Pickup on South Street (1953) – Samuel Fuller

Jean Peters sizzles in this spy/crime film noir that is another film mentioned in Philip Kemp’s Movies book. It also falls into the category of how had I never heard of this film before? As it ticks a lot of my boxes, spies, film noir… it’s a corker! Candy (Peters) is on the subway, and…

The Music Box (1932) – James Parrott

Philip Kemp’s Movies book leaps a little forward in time to bring me a comedic short starring that iconic pair, Stan Laurel, and Oliver Hardy. In this half hour short, the pair struggle to deliver a piano up a the most imposing flight of stairs I’ve seen since those featured in The Exorcist. Something that…

The World is Not Enough (1999) – Michael Apted

Pierce Brosnan’s third outing as Ian Fleming’s James Bond is the next 007 film for me to view following my reading of For Your Eyes Only, having previously reviewed all the preceding 007 films to that point. This one is a mixed bag as it has perhaps the worst female lead casting for a Bond…

Ocean’s Eleven (2001) – Steven Soderbergh

George Clooney, Brad Pitt and Matt Damon headline in the next film that I watched as I work my way through Ten Bad Dates With De Niro. The list this title comes from is Remakes That Are Better Than The Original. And on this count, I agree. As much as I love the Rat Pack’s…

Road to Bali (1952) – Hal Walker

The comedic entries continue in DK Canada’s Monsters in the Movies book as I delve into one of the iconic Road movies of Bing Crosby and Bob Hope, co-starring Dorothy Lamour. When George (Crosby) and Harold (Hope) end up unemployed in their chosen art, show-biz, (because of some fraternisation with a couple of local sheilas)…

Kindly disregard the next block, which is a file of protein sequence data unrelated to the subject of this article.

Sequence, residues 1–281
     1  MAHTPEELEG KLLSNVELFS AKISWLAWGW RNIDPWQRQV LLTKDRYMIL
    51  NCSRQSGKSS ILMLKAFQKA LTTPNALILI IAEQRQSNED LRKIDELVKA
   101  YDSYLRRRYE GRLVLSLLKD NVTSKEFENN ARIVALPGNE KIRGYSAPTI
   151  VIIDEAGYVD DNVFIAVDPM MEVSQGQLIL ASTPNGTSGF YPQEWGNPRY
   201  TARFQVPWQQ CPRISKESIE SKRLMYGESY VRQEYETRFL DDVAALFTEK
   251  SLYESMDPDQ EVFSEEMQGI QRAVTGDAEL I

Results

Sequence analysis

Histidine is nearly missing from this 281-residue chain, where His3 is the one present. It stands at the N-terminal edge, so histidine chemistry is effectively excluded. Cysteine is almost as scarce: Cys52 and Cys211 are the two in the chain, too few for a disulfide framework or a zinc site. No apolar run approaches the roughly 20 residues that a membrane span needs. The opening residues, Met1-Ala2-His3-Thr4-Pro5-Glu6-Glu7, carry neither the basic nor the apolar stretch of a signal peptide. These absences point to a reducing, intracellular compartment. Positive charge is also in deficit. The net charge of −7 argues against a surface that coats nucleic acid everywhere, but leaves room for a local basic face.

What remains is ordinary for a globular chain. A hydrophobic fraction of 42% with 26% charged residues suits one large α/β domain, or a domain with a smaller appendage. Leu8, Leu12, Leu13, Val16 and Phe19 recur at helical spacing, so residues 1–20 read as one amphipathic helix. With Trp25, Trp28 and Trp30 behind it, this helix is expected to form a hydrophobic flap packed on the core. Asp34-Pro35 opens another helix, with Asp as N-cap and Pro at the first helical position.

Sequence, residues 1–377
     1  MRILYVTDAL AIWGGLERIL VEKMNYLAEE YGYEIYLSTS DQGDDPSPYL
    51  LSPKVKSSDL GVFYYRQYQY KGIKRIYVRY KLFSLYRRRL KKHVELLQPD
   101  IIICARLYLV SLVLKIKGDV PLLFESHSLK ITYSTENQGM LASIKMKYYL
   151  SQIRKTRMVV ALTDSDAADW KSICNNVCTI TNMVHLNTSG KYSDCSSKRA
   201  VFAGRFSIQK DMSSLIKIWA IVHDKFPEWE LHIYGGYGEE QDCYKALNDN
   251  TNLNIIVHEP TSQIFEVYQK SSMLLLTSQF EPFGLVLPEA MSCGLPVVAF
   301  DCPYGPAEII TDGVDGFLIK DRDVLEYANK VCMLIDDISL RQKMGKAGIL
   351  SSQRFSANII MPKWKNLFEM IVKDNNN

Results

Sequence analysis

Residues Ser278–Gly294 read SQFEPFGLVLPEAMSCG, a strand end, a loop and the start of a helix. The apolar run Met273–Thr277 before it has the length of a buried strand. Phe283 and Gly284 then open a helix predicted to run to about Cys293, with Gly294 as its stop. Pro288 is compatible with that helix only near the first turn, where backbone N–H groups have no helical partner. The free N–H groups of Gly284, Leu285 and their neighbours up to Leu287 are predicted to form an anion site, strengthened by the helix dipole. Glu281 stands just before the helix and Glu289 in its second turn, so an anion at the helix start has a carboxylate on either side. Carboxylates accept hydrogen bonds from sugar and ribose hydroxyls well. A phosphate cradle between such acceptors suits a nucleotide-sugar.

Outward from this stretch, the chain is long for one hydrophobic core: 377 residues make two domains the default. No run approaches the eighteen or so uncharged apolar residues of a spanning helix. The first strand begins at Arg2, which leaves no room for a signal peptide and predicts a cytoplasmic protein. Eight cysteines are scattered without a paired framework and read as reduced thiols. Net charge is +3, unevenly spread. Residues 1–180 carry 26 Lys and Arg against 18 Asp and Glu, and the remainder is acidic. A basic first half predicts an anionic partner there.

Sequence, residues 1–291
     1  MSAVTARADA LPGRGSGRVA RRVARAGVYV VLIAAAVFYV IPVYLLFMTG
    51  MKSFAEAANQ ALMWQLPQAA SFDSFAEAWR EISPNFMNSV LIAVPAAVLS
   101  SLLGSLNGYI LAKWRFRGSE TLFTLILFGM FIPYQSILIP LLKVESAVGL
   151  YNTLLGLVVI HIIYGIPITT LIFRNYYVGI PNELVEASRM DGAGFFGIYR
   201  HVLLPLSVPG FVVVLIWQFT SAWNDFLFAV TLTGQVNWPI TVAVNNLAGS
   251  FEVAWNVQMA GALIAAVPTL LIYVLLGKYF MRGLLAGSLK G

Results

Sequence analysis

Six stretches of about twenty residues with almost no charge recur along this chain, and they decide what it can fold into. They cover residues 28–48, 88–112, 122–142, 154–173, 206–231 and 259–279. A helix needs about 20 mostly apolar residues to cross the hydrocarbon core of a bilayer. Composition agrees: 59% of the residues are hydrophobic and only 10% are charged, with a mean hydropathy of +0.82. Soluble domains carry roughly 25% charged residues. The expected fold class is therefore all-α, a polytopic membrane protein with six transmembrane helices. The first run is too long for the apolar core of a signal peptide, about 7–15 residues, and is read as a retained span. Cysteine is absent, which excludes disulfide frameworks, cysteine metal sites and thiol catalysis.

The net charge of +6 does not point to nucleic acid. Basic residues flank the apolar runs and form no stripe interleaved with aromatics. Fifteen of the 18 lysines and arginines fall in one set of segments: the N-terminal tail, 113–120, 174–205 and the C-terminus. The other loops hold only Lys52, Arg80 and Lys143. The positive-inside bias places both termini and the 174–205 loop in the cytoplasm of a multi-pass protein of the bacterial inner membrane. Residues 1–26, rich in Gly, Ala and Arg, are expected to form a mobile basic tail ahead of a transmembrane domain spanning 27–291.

Heavenly Creatures (1994) – Peter Jackson

I’m closing in on the end of DK Canada’s The Movie Book, as I explore its last section, The Director. And it brings me a Peter Jackson film that isn’t set in Middle Earth (it is in New Zealand, however, and I recognise a lot of the names in the credits as those he has…

Harold and Maude (1971) – Hal Ashby

The Directory in DK Canada’s The Movie Book brings me another classic that I should have seen long ago, and now, have finally been able to remedy that. Combining dark humour with an offbeat romance, Ashby’s film embraces eccentricity while reminding us to live for today. Young Harold (Bud Cort – who looks twelve) has…

The Brothers Grimm (2005) – Terry Gilliam

Arguably Terry Gilliam’s most commercial film, The Brothers Grimm is the next stop as I explore Myths, Legends and Fairy Tales as portrayed in DK Canada’s Monsters in the Movies. The film features Heath Ledger and Matt Damon as the titular Grimm Brothers, and the always stunning (and underused) Monica Bellucci as the evil Mirror…